Wednesday, June 12, 2013

Could the Roman Republic Have Been Saved?

I think with the right choices the Republic could have been saved.  What it needed was bigger government, more government benefits, more taxes, and less political privilege for its oligarchy.

This completely contradicts the Taylor Caldwell idea that the Republic fell because they were like Great Society liberals, so let me explain.

Republican Rome had nothing like a police force or fire department, although many Greek cities had had them for centuries. It finally got both under Augustus: urban cohorts and the vigiles, a combination of night watch and firemen. Their absence allowed the political gang violence of people like to Clodius and Milo to be highly effective in the late Republic, and allowed people rich enough to own their own fire department, like Crassus, to show up at your burning house and demand an extortionate fee to put it out.

The late Republic made little use of civil servants to collect taxes, instead selling the right to collect particular taxes for a flat fee. The tax farmers had strong incentives to collect excessive taxes, and there were frequent complaints that they did so. It was a bad deal for the state and the average citizen, but it allowed those wealthy enough to advance the payment an opportunity to become even richer.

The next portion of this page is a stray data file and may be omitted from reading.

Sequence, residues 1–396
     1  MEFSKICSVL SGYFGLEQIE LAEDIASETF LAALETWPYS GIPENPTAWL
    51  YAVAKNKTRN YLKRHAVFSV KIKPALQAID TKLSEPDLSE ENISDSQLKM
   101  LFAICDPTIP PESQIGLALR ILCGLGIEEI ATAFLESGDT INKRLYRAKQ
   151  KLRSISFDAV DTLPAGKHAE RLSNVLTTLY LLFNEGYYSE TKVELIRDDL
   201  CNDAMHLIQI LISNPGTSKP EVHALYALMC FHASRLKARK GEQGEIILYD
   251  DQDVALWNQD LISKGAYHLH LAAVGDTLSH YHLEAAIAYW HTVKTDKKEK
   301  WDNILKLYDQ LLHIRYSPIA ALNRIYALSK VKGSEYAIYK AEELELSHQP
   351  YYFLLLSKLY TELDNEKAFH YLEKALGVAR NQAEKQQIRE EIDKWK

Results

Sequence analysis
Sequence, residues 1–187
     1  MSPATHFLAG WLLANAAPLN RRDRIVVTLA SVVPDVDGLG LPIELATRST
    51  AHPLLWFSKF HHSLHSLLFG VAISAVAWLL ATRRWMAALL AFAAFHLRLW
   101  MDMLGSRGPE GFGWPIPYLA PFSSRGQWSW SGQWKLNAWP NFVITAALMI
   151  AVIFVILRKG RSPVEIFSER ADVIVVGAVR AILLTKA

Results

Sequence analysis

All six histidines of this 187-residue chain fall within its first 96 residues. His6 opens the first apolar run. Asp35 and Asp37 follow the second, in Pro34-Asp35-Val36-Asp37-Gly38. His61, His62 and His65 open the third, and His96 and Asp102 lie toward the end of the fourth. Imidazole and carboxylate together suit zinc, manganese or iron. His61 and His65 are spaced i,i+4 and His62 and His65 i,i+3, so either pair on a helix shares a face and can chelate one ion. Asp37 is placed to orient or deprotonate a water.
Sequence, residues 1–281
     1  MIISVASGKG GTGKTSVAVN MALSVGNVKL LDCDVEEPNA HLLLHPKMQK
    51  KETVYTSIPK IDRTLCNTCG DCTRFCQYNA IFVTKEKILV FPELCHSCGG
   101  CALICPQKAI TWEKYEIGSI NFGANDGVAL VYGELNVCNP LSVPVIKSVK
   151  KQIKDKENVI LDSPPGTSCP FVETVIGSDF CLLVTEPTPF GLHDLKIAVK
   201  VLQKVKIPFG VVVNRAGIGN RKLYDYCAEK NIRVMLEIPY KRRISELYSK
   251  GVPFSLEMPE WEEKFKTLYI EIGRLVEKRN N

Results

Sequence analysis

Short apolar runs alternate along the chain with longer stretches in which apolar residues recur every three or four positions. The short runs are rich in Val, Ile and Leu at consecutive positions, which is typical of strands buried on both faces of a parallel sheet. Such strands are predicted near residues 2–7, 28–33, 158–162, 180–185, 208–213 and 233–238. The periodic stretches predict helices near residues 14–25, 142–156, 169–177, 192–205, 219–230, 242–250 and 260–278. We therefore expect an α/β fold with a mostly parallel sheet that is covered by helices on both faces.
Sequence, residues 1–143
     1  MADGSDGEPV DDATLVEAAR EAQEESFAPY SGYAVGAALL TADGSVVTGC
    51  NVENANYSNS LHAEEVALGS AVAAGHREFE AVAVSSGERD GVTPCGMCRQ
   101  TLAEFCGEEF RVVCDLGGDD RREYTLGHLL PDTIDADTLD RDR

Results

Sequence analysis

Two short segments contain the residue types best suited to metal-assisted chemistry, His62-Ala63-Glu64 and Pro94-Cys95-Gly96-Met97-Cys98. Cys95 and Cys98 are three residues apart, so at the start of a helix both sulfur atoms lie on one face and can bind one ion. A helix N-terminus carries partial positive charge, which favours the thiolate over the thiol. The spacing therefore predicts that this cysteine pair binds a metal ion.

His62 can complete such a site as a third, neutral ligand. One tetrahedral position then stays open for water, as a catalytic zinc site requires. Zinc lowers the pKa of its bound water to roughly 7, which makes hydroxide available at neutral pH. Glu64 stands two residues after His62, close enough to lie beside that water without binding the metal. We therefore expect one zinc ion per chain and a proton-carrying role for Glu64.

It also had no regular policy for rewarding soldiers who had completed their term of service with land to support themselves after their service. Such grants were made, but only when successful and powerful generals  pressured the Senate to do so. This, of course, tended to align soldiers loyalties with the generals rather than the state.

A sales tax on slaves would have raised  considerable revenue, and one was instituted under Augustus, but the Republic had none. Such a tax could have funded public services like police and fire fighters, and civil servants to collect taxes. Also, anything that made slaves more expensive would have mitigate the negative impact of the slave worked latifundia on free farmers of small holdings.

The Roman Republic made many unwise choices, in large part because the Senatorial oligarchy had an inordinate share of power under the Roman constitution, and they tended to make choices that favored their own self interest, rather than that of the Republic as a whole. But the constitution of the Roman Republic was not immutable: it had at times been amended to force the privileged to cede power to the less powerful.

It is one of the great tragedies of the late Republic that the reformers were too bold and the conservatives too obdurate. It ended in tears, and imperial rule.

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